This month my wife and I have been organizing our apartment and packing it into as few boxes as possible. We are less than one month away from moving to Spain for a year.
Thanks to a gap year, college, a foreign-born spouse, and a master’s program in Spain I will be moving to the sixth house in six years, 10 if you count crashing at a friends house for a week to a month between leases.
Three of these moves were also bound by what I could fit into two checked bags on my flight, any furniture and household goods were acquired upon arrival. After you pack clothing and other essentials into your suitcases, it is always a surprise on how little space is left, but it does provide an amazing lesson.
I learned two valuable ideas from all these moves; the value of possessions and how to turn a house into a home.
The value of possessions
Since meeting my wife, I think the most valuable lesson that we have explored and learned together is value of material possessions.
When moving to Ecuador, we brought over 100 boxes of stuff, both personal and household items. One year later we can fit everything in approximately 25 boxes. We did not just get rid off everything from 3/4 of the rooms nor do we have just one plate sitting in our kitchen.
Many items went unused, were falling apart, or we just had too many of one thing.
There is no secret or set guide to limiting the number of possessions to those that are valuable to you. Each person values things differently. My KitchenAid mixer would be a dust collector in many homes.
The key to reducing the number of possessions is doing it one room at a time, from top to bottom, and only keep the items that have personal value. Do not be afraid to do each room multiple times, as something you were afraid to get rid of might have now lost all purpose.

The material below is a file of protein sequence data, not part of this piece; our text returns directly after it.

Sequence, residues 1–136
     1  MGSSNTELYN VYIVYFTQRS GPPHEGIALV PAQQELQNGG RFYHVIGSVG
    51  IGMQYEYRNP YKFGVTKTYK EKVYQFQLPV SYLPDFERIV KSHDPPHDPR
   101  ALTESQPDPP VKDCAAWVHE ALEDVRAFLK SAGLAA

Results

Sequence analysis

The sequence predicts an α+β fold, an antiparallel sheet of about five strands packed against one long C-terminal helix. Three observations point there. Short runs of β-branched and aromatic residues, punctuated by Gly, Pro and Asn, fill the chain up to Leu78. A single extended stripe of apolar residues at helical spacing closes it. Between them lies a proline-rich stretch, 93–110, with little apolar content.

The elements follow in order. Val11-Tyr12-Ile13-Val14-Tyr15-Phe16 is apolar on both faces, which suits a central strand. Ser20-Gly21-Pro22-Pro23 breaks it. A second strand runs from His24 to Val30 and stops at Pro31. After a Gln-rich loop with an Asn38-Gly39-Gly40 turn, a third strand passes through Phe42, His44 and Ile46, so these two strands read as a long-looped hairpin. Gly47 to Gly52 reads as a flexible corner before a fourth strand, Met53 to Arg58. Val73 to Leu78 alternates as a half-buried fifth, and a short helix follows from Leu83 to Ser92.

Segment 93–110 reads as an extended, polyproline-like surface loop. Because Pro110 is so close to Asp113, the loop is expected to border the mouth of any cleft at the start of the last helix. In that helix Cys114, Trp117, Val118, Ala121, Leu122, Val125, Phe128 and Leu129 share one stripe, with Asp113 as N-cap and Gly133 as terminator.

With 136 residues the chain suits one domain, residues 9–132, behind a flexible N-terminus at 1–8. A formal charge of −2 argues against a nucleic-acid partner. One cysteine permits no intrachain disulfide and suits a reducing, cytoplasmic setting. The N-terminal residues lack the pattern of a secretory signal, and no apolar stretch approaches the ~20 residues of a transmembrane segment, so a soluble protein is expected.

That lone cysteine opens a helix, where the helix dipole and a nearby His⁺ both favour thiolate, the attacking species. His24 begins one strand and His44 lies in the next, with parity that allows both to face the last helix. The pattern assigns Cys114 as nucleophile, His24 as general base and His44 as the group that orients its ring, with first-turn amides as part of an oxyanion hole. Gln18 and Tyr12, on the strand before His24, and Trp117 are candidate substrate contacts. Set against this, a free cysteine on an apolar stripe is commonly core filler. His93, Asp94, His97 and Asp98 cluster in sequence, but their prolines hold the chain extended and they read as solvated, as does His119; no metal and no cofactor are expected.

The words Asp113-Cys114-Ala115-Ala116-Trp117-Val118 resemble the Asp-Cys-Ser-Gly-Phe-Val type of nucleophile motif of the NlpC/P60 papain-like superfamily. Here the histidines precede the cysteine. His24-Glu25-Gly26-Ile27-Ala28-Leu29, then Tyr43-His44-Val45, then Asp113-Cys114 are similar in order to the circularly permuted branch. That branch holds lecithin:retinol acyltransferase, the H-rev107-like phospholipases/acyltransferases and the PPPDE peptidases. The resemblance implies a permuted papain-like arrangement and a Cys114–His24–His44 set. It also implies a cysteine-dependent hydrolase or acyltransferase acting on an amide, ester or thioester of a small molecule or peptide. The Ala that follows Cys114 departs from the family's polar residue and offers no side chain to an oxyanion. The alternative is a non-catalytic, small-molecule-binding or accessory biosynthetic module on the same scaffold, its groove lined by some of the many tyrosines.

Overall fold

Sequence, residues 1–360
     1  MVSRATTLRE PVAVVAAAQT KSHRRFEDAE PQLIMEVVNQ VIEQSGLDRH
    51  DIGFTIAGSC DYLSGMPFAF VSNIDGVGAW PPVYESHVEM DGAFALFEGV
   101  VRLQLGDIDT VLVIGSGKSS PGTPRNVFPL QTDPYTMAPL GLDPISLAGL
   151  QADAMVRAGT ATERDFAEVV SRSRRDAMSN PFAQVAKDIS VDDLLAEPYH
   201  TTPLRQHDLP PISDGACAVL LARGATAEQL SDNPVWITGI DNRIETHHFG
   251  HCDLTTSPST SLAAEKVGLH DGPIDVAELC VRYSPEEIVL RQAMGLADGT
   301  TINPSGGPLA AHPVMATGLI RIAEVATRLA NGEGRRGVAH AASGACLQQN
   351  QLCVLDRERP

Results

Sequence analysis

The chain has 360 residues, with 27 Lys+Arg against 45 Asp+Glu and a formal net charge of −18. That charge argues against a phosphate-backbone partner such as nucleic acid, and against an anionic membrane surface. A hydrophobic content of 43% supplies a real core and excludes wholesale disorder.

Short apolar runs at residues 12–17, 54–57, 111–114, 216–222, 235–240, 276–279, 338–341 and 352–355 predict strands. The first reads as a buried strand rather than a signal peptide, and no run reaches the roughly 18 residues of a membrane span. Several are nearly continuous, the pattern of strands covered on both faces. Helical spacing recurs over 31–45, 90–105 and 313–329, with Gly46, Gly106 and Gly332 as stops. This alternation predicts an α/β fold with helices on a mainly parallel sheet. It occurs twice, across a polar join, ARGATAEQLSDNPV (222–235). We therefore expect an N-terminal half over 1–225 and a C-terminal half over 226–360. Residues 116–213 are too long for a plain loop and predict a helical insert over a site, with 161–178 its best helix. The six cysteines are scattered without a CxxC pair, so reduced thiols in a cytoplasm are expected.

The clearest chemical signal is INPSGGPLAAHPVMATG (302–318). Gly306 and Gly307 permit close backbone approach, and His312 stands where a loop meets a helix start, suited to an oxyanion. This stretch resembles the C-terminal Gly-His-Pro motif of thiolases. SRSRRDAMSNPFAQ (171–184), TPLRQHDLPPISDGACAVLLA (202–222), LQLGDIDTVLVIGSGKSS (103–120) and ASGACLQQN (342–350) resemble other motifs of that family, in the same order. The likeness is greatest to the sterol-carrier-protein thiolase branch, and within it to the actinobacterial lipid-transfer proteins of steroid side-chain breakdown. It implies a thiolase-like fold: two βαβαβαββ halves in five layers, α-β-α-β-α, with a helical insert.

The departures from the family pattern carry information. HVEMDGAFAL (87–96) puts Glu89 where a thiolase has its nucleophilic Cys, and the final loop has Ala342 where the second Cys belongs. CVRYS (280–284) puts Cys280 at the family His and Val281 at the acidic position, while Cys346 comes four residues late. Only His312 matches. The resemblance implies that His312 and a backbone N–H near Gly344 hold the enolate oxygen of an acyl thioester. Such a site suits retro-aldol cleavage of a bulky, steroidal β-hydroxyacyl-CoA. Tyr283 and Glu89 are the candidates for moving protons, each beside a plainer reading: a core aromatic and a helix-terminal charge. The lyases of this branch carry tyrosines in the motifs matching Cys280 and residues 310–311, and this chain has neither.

When going through items like clothing or kitchenware for the first time, you often keep things for a “what if” moment. What if I need to serve coffee to 20 people at once? What if I need to wear three different off-white dresses in a row?
Well, if it hasn’t happened yet, it will probably not happen in the future. If you do ever end up having 20 people over for coffee, they will understand that you don’t have enough mugs for everyone at once, or get some disposable ones.
If you re-examine your stuff every few months you will quickly realize that your many “what if” moments will never come to fruition.
I am not saying to get rid of everything you do not use on daily basis, I have a decorative beer stein that has never been used. It is one of the items that I value beyond its material worth. You just have to be careful to not say this about every single item in your home.
How to turn a house into a home
It is the little things that make it count.
When moving so many times in a short period of time, the first things to go into the trash or donation pile are household decorations. Posters rip, picture frames are too heavy, and tchotchkes break.
There is the inherent value of possessions to turn a house into feeling like home. You would be surprised how few possessions are actually required to fulfill this feeling inside of you.
As we are Jewish, there are some relatively small and simple items that turn any rental apartment into our newest home. Affixing mezuzahs to our doors and we are done.
While this is an oversimplification of what makes our house a home for us, it does drive the point home.
The value of possessions in this case goes beyond its monetary cost and goes into the significance an item brings to an empty room, for you personally. Be it special pots and pans, a painting, a family portrait, a souvenir from your favorite trip, or an Apple TV in my wife’s case.